The number of victims in Gaza continues to grow, several days ago Israel and its Egyptian allies offered „ceasefire“ that’s as laughable and insulting as it is insincere, pretty much all of the mainstream media reported how Hamas rejected another chance for peace, just like they’ve reported about the terrorist attacks on Israel and Palestinian violence as the main reason for the recent turmoil.
Now, this is an ideal chance to stop, think, rewind. We’ve seen this before. It is just like Robert Fisk wrote in his latest piece for The Independent: „Once, we used to keep clippings, a wad of newspaper cuttings on whatever we were writing about: Israel, Lebanon, Iran, Gaza. Occasionally, we even read books. Maybe it’s because of the internet, but in most of our reports, it seems that history only started yesterday, or last week.“ He continues to say: „I’m afraid it’s about context, this memory-wipe. It’s about the way that armies and governments want us to believe – or forget – what they are doing, it’s about a historical coverage, and it’s about – and here I quote the wonderful Israeli journalist Amira Haas – ‘monitoring the centres of power’.“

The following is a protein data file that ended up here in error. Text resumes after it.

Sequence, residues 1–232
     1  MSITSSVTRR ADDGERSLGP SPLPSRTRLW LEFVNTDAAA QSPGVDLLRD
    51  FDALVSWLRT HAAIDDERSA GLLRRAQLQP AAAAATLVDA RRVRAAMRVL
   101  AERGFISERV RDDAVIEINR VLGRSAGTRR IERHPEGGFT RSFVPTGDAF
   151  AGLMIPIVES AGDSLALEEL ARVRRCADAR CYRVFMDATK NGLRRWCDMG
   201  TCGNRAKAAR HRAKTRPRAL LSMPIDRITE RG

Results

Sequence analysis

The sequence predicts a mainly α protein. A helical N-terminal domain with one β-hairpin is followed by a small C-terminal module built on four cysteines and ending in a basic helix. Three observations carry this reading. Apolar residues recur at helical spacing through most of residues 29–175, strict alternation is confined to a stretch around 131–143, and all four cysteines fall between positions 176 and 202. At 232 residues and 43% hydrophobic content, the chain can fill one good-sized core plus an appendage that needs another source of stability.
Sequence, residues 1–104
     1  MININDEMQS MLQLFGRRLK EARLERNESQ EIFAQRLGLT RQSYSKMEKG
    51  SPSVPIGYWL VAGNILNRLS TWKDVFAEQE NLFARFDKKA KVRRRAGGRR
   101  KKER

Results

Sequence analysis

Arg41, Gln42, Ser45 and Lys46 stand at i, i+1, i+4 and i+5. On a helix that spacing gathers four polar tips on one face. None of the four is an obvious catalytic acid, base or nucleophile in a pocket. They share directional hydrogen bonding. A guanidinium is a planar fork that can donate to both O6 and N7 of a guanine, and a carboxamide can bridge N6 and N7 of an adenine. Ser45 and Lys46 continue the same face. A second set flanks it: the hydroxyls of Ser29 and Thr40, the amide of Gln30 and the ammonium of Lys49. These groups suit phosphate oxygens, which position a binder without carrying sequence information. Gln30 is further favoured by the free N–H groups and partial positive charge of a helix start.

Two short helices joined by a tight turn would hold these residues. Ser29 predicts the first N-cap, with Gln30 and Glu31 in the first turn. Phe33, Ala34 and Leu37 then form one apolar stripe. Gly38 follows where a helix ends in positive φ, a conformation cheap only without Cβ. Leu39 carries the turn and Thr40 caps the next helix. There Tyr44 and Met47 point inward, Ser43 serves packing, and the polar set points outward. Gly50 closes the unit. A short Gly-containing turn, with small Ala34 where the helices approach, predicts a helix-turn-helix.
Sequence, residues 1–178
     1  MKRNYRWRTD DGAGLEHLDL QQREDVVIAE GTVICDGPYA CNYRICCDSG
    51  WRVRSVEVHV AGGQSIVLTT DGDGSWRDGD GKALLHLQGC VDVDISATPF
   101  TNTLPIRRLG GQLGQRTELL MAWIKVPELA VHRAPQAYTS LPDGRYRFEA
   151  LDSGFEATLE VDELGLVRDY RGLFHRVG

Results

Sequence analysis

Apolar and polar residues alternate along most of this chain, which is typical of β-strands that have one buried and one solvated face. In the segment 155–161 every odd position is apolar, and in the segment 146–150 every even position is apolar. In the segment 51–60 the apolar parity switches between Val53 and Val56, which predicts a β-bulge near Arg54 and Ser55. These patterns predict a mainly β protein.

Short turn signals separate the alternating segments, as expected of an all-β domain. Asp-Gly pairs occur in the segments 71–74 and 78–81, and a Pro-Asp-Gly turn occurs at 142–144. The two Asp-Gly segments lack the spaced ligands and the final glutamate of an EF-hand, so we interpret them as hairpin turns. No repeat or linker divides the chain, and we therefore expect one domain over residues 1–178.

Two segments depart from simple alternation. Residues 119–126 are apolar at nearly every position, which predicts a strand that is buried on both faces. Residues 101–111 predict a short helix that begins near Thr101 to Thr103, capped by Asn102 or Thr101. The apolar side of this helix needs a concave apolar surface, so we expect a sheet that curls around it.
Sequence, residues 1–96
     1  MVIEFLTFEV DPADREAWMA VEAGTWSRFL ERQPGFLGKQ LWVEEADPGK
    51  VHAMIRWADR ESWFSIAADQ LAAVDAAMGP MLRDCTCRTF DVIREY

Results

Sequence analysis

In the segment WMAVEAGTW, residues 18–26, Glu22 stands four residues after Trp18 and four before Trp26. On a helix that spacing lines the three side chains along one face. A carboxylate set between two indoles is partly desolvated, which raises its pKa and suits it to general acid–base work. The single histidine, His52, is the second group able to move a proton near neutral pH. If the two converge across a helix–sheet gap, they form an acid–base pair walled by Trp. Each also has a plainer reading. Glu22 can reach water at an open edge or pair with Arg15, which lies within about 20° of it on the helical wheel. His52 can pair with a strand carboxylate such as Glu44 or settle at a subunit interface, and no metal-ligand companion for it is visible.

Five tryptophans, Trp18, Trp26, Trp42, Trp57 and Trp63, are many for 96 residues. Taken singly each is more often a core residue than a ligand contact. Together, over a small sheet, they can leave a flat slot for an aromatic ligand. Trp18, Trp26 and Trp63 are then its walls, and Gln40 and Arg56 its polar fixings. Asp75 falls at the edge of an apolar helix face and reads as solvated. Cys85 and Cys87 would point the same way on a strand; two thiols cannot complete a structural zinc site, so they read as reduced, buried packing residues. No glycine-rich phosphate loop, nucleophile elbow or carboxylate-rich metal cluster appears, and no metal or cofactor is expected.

So what do the centres of power want us to forget, what does Israeli government want us to leave out? Well, there are a lot of things, a lot of truths we must speak off and keep on going back to. The recent turmoil is not about the boys that were killed, and it is not about Hamas and its rockets. It is about decades of injustice and decades of oppression, decades of colonialism and its insatiable appetite, decades of wrong leaders and bad judgements and – decades of ignorance and status quo.
Escalations are due to happen. Occupation itself is an escalation, and these are some of the reasons why.
Peace talks that offered no peace